This video is about Pablo Picasso’s most famous work Guernica.
So named to express his abhorrence about the German terror bombing bombing of the town on April 26, 1937, during the Spanish Civil War.
Set to the music of Rodrigo’s Guitar Concerto De Aranjuez.
From Art for a Change blog in the USA:
The Power of Art, an engrossing series that takes a close-up look at the life and times of eight master artists, begins its series premiere tonight on PBS (Monday, June 18th, 2007.)
Created by fêted art historian and author, Simon Schama, the broadcasts focus on Mark Rothko, Jacques-Louis David, Giovanni Lorenzo Bernini, Rembrandt van Rijn, Caravaggio [see also here and here and here], Vincent van Gogh, J.M.W. Turner, and Pablo Picasso.
In Schama’s own words, “This is not a series about things that hang on walls; it is not about decor or prettiness, it is a series about the force, the need, the passion of art – the power of art.”
Each one-hour episode examines a masterwork produced by the segment’s featured artist through Schama’s narrative, dramatic recreations, use of historic films and still photos, as well as images of the artist’s works. Tonight’s premiere begins at 9:00 p.m. ET with the story of Vincent van Gogh, followed immediately at 10:00 p.m. by the chronicle of Pablo Picasso. Successive episodes will run each Monday evening through July, 30th, 2007.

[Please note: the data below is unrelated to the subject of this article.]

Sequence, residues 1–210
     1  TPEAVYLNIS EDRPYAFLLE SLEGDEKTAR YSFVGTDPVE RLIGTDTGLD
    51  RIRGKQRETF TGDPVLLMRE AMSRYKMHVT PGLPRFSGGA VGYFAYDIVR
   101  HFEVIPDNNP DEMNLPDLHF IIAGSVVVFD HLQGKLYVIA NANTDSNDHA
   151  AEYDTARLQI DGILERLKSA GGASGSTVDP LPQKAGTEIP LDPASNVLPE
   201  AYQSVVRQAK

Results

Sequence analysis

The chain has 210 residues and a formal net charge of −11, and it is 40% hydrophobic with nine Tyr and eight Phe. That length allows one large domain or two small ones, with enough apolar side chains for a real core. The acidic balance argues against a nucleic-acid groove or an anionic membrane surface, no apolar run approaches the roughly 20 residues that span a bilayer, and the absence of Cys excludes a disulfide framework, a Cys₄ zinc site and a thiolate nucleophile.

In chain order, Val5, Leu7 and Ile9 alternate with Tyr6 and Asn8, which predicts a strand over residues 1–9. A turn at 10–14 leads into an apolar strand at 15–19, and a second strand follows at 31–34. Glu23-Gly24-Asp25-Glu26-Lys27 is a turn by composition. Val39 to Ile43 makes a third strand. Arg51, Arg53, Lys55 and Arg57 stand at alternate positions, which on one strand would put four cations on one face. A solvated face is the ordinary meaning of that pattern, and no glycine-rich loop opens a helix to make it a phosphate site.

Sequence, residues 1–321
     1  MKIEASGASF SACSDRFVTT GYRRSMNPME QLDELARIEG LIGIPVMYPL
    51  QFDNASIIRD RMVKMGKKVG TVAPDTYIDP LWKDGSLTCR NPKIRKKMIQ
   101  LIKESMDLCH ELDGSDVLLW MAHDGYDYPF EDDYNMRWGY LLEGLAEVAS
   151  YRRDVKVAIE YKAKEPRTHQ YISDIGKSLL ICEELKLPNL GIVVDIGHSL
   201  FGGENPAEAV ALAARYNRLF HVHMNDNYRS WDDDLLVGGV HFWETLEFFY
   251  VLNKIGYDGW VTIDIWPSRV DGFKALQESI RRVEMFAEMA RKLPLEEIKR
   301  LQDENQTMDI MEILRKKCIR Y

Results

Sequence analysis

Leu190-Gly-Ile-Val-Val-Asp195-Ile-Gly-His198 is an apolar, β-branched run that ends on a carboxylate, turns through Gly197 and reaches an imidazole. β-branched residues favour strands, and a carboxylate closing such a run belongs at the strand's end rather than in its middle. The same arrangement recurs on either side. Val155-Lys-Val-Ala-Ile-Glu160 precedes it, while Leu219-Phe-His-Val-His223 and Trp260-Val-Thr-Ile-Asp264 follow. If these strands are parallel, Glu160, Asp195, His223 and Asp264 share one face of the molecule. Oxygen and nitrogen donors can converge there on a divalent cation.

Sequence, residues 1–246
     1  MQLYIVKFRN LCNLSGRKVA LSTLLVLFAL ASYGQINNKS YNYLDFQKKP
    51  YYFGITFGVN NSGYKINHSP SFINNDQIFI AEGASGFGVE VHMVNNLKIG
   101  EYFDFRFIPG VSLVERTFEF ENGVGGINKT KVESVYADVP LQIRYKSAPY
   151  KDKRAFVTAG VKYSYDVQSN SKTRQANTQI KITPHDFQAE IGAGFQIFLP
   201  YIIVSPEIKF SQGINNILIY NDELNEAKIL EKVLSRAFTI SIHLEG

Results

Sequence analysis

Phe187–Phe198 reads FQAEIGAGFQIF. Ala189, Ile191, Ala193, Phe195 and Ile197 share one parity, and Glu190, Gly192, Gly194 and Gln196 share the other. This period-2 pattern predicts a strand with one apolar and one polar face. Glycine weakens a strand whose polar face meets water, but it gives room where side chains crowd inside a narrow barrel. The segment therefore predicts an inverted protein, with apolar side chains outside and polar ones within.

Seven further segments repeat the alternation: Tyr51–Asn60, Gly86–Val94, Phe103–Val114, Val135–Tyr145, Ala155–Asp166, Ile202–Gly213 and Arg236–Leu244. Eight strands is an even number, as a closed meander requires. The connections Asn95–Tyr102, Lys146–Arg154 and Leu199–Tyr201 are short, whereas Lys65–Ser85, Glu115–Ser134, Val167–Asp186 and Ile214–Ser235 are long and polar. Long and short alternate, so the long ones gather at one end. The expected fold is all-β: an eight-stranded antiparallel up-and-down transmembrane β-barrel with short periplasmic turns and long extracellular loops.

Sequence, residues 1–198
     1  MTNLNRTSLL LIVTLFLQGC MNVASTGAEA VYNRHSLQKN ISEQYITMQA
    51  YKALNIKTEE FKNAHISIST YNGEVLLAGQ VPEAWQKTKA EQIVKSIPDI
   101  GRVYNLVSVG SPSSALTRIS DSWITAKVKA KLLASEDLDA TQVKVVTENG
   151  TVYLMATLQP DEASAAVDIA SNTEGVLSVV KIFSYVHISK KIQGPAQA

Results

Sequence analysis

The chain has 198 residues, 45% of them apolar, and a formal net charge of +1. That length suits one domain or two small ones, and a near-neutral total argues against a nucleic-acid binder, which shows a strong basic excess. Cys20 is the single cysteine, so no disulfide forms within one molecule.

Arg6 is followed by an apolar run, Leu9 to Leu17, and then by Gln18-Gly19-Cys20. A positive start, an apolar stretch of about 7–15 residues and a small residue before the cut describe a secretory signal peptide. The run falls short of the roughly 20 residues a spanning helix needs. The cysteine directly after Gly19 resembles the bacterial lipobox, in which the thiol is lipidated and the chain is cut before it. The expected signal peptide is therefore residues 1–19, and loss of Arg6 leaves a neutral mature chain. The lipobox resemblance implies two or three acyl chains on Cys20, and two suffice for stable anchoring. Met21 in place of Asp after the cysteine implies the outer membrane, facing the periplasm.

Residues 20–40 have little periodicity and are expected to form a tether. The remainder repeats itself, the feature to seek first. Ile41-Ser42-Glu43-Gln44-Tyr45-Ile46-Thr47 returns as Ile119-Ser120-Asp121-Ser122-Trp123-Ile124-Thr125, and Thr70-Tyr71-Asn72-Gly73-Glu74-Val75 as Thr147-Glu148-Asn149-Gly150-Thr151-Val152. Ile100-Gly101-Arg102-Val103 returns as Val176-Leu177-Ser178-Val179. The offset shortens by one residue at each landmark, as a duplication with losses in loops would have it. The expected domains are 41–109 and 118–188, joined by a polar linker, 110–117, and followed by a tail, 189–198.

Schama’s telling of Picasso’s history begins with one of my favorite anecdotes regarding the radical Spanish painter. The broadcast starts at the artist’s Paris studio in 1941 during the Nazi occupation, just as the fascist secret police conduct a raid on the artist’s Left Bank apartment. While rummaging through Picasso’s things, a Gestapo officer sees a reproduction of the artist’s famous work, Guernica, and asks “Did you do this?” Picasso replied, “No, you did.”
But Simon Schama’s telltale history of Picasso’s famous mural doesn’t play it safe – the history of the Guernica painting is updated to reflect current realities.
The segment ends with Schama reminding us that in 2003, just prior to the American invasion of Iraq, U.S. officials arranged to cover the tapestry version of Guernica hanging in the United Nations so as not to conflict with the pro-war speech given by then secretary of state, Colin L. Powell.
Ironically, on the very day of Mr. Powell’s misleading and transparent UN address advocating war against Iraq, I wrote about the concealing of Picasso’s Guernica:
“The censoring of Picasso’s mural is illustrative of art’s immense power. It is a civilizing force that erases national boundaries and strengthens human solidarity. In particular Picasso’s masterwork continues to aim a laser beam focus on the madness and inhumanity of war, a message that transcends the barbarity suffered by a small Basque village in 1937.
As Picasso himself once said, ‘Art is a lie that tells the truth.’ The artist’s profound mural still speaks the truth to the people of the world, so much so that the powerful feel compelled to censor it.”